(a) IN GENERAL- That the President is authorized to use all necessary and appropriate force against those nations, organizations, or persons he determines planned, authorized, committed, or aided the terrorist attacks that occurred on September 11, 2001, or harbored such organizations or persons, in order to prevent any future acts of international terrorism against the United States by such nations, organizations or persons.

(b) War Powers Resolution Requirements-
(1) SPECIFIC STATUTORY AUTHORIZATION- Consistent with section 8(a)(1) of the War Powers Resolution
War Powers Resolution
The War Powers Resolution of 1973 is a federal law intended to check the power of the President in committing the United States to an armed conflict without the consent of Congress. The resolution was adopted in the form of a United States Congress joint resolution; this provides that the...

, the Congress declares that this section is intended to constitute specific statutory authorization within the meaning of section 5(b) of the War Powers Resolution.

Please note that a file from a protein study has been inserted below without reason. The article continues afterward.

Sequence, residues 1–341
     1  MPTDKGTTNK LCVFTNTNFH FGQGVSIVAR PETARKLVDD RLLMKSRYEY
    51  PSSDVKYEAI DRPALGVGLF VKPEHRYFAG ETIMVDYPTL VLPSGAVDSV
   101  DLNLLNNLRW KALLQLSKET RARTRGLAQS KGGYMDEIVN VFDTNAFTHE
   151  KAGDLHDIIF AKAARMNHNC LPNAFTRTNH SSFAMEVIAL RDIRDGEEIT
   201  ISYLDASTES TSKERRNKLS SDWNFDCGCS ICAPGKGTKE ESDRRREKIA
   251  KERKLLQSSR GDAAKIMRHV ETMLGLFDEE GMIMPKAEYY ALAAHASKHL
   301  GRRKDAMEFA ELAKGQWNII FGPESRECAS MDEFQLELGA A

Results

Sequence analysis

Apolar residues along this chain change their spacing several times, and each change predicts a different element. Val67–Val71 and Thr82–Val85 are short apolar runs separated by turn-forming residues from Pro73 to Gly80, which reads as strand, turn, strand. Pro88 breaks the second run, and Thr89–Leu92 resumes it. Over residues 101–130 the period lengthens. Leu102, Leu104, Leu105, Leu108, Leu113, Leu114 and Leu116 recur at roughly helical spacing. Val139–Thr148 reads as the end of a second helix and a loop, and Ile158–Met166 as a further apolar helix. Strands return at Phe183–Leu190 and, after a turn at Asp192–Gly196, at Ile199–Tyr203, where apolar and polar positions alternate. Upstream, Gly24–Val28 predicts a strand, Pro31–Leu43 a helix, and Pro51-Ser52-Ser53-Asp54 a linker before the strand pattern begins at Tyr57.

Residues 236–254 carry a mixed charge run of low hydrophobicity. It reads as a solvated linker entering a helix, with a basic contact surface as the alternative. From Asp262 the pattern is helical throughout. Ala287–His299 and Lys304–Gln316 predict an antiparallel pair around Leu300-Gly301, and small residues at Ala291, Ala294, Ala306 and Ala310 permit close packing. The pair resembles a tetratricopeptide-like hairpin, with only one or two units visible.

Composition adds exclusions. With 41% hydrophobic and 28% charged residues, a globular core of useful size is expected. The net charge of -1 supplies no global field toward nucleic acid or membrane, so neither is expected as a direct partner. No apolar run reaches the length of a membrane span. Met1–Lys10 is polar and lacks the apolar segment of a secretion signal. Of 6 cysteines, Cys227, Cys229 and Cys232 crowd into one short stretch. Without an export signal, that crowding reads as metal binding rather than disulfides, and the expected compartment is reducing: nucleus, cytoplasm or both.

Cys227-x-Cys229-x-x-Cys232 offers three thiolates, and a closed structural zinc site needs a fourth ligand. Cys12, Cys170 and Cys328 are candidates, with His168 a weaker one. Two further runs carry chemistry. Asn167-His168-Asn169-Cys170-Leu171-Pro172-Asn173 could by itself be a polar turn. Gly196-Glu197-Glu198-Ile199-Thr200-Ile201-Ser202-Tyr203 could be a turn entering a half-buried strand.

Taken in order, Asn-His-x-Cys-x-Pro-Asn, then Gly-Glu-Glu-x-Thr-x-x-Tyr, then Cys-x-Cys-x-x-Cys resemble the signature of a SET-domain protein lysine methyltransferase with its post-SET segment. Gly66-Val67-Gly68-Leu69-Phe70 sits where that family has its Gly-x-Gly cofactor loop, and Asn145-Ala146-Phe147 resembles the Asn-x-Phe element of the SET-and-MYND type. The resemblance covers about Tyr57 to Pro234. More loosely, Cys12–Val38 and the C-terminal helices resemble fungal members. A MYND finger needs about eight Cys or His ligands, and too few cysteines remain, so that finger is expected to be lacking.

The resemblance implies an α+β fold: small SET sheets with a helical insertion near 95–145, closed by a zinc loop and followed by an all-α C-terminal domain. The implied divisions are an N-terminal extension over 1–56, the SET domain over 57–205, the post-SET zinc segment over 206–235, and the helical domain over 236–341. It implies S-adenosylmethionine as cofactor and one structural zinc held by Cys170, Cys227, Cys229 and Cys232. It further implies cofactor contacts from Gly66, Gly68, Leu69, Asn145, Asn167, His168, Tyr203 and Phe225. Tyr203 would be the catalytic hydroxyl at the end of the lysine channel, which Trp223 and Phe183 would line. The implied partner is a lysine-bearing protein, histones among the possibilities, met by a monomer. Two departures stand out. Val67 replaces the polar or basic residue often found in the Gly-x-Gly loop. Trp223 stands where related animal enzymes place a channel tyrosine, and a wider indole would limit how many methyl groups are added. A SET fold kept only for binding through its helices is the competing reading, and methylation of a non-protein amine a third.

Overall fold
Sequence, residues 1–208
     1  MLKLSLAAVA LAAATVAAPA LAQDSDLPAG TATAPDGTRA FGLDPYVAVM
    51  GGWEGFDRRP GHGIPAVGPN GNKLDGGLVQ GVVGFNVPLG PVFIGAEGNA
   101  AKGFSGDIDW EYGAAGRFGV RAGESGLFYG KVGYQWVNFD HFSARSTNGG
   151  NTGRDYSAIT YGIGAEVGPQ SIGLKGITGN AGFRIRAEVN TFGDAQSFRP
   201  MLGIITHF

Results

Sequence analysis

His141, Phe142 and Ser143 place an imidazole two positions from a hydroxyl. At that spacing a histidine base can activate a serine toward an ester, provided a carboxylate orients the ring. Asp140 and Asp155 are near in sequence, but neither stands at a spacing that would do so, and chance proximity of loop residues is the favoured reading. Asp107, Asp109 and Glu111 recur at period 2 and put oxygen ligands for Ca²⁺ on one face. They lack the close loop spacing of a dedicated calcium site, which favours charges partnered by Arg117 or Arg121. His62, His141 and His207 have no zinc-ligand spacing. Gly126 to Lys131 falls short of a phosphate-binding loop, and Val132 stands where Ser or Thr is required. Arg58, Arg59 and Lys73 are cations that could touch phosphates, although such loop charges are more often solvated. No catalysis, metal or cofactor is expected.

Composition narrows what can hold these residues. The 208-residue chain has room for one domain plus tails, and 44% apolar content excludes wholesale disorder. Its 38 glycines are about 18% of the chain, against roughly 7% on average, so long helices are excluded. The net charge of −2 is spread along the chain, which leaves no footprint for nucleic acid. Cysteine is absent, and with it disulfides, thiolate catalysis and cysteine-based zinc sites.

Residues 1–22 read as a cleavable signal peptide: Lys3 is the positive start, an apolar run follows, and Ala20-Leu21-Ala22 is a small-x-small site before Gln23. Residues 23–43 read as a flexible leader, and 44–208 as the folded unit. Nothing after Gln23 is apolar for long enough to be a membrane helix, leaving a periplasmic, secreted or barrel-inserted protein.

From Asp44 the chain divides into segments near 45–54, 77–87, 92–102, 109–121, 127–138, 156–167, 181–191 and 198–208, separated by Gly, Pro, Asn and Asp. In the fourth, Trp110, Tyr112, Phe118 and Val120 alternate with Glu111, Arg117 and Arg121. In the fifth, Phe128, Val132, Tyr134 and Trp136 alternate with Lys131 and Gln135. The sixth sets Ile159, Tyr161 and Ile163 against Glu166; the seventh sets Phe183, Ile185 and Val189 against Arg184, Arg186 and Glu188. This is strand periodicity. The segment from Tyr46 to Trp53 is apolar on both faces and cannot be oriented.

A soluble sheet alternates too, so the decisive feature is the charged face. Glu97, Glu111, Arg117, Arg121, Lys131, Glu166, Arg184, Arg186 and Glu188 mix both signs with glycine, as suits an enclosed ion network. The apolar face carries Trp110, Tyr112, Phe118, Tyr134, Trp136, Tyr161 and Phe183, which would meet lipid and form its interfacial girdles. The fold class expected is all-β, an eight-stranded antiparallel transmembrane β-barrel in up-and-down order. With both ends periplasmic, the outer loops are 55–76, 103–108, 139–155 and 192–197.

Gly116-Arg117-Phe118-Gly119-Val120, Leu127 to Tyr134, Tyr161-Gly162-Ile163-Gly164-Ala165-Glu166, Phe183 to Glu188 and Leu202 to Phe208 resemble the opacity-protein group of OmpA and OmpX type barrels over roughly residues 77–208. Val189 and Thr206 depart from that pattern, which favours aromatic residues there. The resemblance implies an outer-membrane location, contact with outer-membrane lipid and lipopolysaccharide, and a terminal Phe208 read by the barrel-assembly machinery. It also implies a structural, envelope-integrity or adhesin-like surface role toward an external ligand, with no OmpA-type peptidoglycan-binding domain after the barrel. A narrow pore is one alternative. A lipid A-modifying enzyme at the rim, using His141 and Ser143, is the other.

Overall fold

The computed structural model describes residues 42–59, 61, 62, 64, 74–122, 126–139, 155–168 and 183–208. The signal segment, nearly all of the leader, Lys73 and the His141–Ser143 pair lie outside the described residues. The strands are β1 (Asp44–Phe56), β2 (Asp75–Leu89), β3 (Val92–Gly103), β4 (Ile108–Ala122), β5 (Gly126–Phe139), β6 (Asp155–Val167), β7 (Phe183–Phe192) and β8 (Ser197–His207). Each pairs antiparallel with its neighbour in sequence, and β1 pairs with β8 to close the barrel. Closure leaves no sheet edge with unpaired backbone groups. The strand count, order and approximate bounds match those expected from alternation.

(2) APPLICABILITY OF OTHER REQUIREMENTS- Nothing in this resolution any requirement of the War Powers Resolution.


Speaker of the House of Representatives.

Vice President of the United States
Vice President of the United States
The Vice President of the United States is the holder of a public office created by the United States Constitution. The Vice President, together with the President of the United States, is indirectly elected by the people, through the Electoral College, to a four-year term...

 and

President of the Senate.

House of Representatives


On September 14, 2001 bill House Joint Resolution 64 passed in the House. The totals in the House of Representatives were: 420 Ayes, 1 Nay and 10 Not Voting (the Nay was Barbara Lee
Barbara Lee
Barbara Jean Lee is the U.S. Representative for , serving since 1998. She is a member of the Democratic Party. She is the first woman to represent that district. Lee was the Chair of the Congressional Black Caucus and was the Co-Chair of the Congressional Progressive Caucus...

 - D-CA).

Senate


On September 14, 2001 Senate Joint Resolution 23 passed in the Senate by roll call vote. The totals in the Senate were: 98 Ayes, 0 Nays, 2 Present/Not Voting (Senators Larry Craig
Larry Craig
Larry Edwin Craig is a former Republican politician from the U.S. state of Idaho. He served 18 years in the U.S. Senate , preceded by 10 years in the U.S. House, representing Idaho's first district . His 28 years in the Congress rank as the second-longest in Idaho history, trailing only William...

 - R and Jesse Helms
Jesse Helms
Jesse Alexander Helms, Jr. was a five-term Republican United States Senator from North Carolina who served as chairman of the Senate Foreign Relations Committee from 1995 to 2001...

 - R).